PARENTS will soon be able to do the school run in blissful silence — if you don’t count the squabbling children in the back. Tesla is hoping to do for the family load-lugger what it has already done for the executive saloon.
Billed as a crossover, the all-electric Model X has a taller, more upright body than the Model S. Its flashiest feature is its “falcon wing” rear doors, which open up to the skies in a manner that will grab more attention than even a McLaren supercar by the school gates.
Elon Musk, the multibillionaire “technopreneur” behind Tesla, believes demand will be so strong for the Model X that it will double sales for the Californian car maker to 55,000 vehicles a year. British drivers can place a £4,000 deposit on the new Tesla — which is expected to cost more than £50,000 — for delivery towards the end of next year.
The car will offer four-wheel drive and, like its Model S sister, seven seats, but unlike other upmarket SUVs it will incur minimal fuel bills — all Tesla drivers can top up at the company’s free charging stations.
Although Tesla has not yet released official performance figures for the Model X, it comes with a pair of electric motors and should be both fast and frugal. The range is expected to be about 270 miles on one battery charge and 0-62mph should take less than five seconds.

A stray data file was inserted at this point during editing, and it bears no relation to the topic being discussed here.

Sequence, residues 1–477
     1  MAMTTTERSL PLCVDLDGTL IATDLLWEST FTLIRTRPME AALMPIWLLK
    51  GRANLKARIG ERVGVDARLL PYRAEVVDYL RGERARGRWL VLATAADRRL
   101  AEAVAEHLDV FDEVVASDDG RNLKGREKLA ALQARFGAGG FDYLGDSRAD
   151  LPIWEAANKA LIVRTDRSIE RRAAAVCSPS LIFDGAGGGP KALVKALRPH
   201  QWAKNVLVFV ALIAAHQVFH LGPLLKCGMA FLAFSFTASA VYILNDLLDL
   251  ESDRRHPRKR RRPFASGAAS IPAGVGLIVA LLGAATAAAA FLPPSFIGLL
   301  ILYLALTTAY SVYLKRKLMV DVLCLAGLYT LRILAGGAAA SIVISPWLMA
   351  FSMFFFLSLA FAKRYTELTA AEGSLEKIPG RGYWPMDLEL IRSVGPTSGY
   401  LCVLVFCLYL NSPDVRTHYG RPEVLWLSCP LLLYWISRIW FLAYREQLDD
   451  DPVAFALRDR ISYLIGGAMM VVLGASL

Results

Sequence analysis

With 22 rapid-charging stations across the UK as of last month, Tesla believes that long-distance driving in a Model X is a realistic prospect, albeit one that requires planning. The supercharger points can give the battery a half-fill in 20 minutes.
And, keeping the tablet generation happy, the crossover Tesla should — like the Model S — have a 17in touchscreen that controls most of the car’s functions. Over time, updates and improvements made to the car by Tesla’s engineers can be downloaded, as with a smartphone.
The ultimate consideration for many parents is safety. If the Model S’s track record is anything to go by — it has a five-star Euro NCAP crash test rating — the Model X will be a safe buy.
Suzuki Celerio SZ2
Price £6,999 On sale Now
Suzuki was forced to recall every Celerio it had sold earlier this year when tests revealed a serious fault with the brakes (they didn’t work at high speed). The problem is now fixed, and Suzuki has announced an even cheaper, no-frills version of the tiny city car. The Celerio SZ2 costs £6,999 — about £1,000 more than Britain’s cheapest car, the Dacia Sandero — and has central locking.
Price £17,995 On sale August
Honda blazed a trail with its HR-V, rethinking the popular concept of supersize off-roaders into something more pint-size. The company referred to it as a “joy machine”; now, 16 years later, it’s ready to spread more joy. The second-generation HR-V has a 1.5-litre petrol engine, or a 1.6-litre diesel (£19,745). It is far pricier than its Nissan Juke rival, which costs less than £16,000.